In the pre-internet days, dogs ruled the roost. Think big studio names like Lassie, Toto and Snoopy. The Garfields and the anonymous “Hang in There” poster cats of the world were relegated to musty corners of comic book stalls and card shops. But the digital revolution has transformed cats into the disruptive entity of the celebrity pet business. In a word, they’re inescapable.
With the inherent democracy of the internet, however, there’s a lot of chaff and very little wheat. Of course, the cat of the moment is Tardar Sauce, a.k.a. Grumpy Cat. Few can reach the heights of fame the Sauce has scaled: In a few short years she has amassed more than 6 million Facebook likes, made countless personal and television appearances and graced the front pages of The Wall Street Journal and New York magazine. She’s even a published author—witness her authoritative Grumpy Book—and has inspired a line of licensed products, including some coveted Grumpy Cat plushes. She proved a cat can truly have it all.
Inspired by her success, many others are hungrily vying for the unofficial title of It Cat. Lil Bub has long been nipping at Grumpy’s heels, while Princess Monster Truck and Maru wait patiently in the digital wings. But allow us to introduce you to a new crop of fresh-faced upstarts that threaten to topple Grumpy from her gilded throne faster than you can say “Keyboard Cat.”
With his icy blue eyes and steel-gray coat, Burton is a standout in seven grain at BreadedCats.com. Often called eccentric and reclusive, he is rumored to be intensely preparing for his next role—pumpernickel. Opie
Opie, a curvy Scottish fold, has gotten some insider buzz for his independent sitting and standing (SNS, for short) work at the Love Meow blog. In 2015 he hopes to cross over into more mainstream sites. He’s also a cat on a mission, dedicating his spare time to Scottish fold causes. Milla
A natural in front of the camera, Milla, another Scottish fold, is based in L.A. and is said to be named for another timeless beauty, actor Milla Jovovich. Ever the Hollywood scenester, this fetching feline boasts a potent Instagram presence. Dora
Dora recently raised eyebrows for her demure, nuanced work as “Dora in a Toque” for the Stuff on My Cat website. Ironically, Dora is a self-described homebody and first got into internet work to get over her shyness. Kudos, Dora! Ninja
Another recent standout at Stuff on My Cat, which is quickly becoming a virtual star factory, Ninja evinced consummate poise when piled under four of his plushy fellows. “Dedication and focus” would seem to be his mantra. Indeed. Photo courtesy of kyknoord/Flickr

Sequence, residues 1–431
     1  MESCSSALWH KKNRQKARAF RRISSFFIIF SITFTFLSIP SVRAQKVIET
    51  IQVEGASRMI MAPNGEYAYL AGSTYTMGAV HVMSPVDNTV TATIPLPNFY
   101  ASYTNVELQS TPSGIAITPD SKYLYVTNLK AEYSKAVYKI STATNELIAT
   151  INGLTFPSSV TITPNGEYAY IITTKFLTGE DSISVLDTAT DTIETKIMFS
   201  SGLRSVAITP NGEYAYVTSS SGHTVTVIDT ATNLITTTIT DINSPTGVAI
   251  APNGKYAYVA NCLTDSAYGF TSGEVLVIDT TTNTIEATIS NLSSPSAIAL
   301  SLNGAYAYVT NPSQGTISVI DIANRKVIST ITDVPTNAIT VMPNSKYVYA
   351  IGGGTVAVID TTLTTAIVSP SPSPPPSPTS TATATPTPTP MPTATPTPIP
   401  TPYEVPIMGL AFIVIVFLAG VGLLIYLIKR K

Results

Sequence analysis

The last few weeks of summer leave avid New York theatergoers with slim pickings, outside of the unwieldy Fringe Festival’s hit-or-miss offerings. Fortunately the dearth of new productions prompted me to catch up with Mulan the Musical, a spectacular show that has been playing since June at La MaMa, the legendary experimental theater space in downtown Manhattan. Tucked away in this East Village venue—whose historical championing of a low-tech, avant-garde aesthetic is at odds with this show’s extravagance—Mulan is a dazzling, family-friendly surprise. The 75-minute thrill ride is performed by Beijing’s Red Poppy Ladies, an internationally renowned troupe of 12 female percussionists, founded in 2000. The Ladies have given concerts in more than 30 countries but may be most familiar to sports fans, after their appearances at the Olympic Games in Athens, Beijing and London. These young women are fiercely talented! Not only do they serve up rousing, yet expressively nuanced, synchronized drumming routines, in Mulan they also dance, sing, act, tumble, mime, juggle and do kung fu. Mulan is based on the 1,600-year-old Chinese folktale made famous in 1998 by the eponymous Academy Award–winning Disney animated film. It tells the story of a strong, brave girl named Hua Mulan, who disguises herself as a young man in order to replace her ailing father as a soldier in the emperor’s army. Though Mulan is Chinese and proves her mettle fighting the Huns, her tale carries a timely cross-cultural relevance: As the United States commemorates the 150th anniversary of the Civil War, we’re hearing similar stories of American women who disguised themselves as male soldiers, just as, at other times in our history, women cross-dressed to participate in many occupations reserved for men. Like the most sophisticated sort of musical-theater choreography—which reflects a story’s larger themes by going beyond just advancing the plot or developing a character—Mulan’s staging provides many imaginative reflections of its theme of feminine fortitude. Bright red handheld fans, typically associated with flirty femininity, augment pretty body movements in a girly ensemble dance, as might be expected. However, each time that coquettish accessory is flipped open or shut, it makes a startlingly loud clack, a no-nonsense noise bespeaking the young ladies’ considerable strength. The delicate dancing then shifts into a frenzied drumming sequence in which the women bang furiously on big tub-shaped drums with intimidating speed and intricacy. Their flawless rhythmic precision is even more impressive combined with the choreographed lifts and throws of their mallets and the unison turns and twists of their torsos. Yet the whole time they’re wowing us with their physical prowess, their long black ponytails swing back and forth with playful girlishness. Whether the performers are twirling nunchaku, gracefully fighting martial arts battles, sporting elaborate Beijing Opera–style masks and tickling us with slapstick and song, or punctuating their ferocious drumming with harplike arpeggios sounded by rippling finger movements, their commingling of conventionally feminine and masculine traits is what fuels the action. Mulan the Musical runs through September 13 at La MaMa and will tour Europe for two months beginning in January 2015. See it if you can. Photo courtesy of Red Poppy Ladies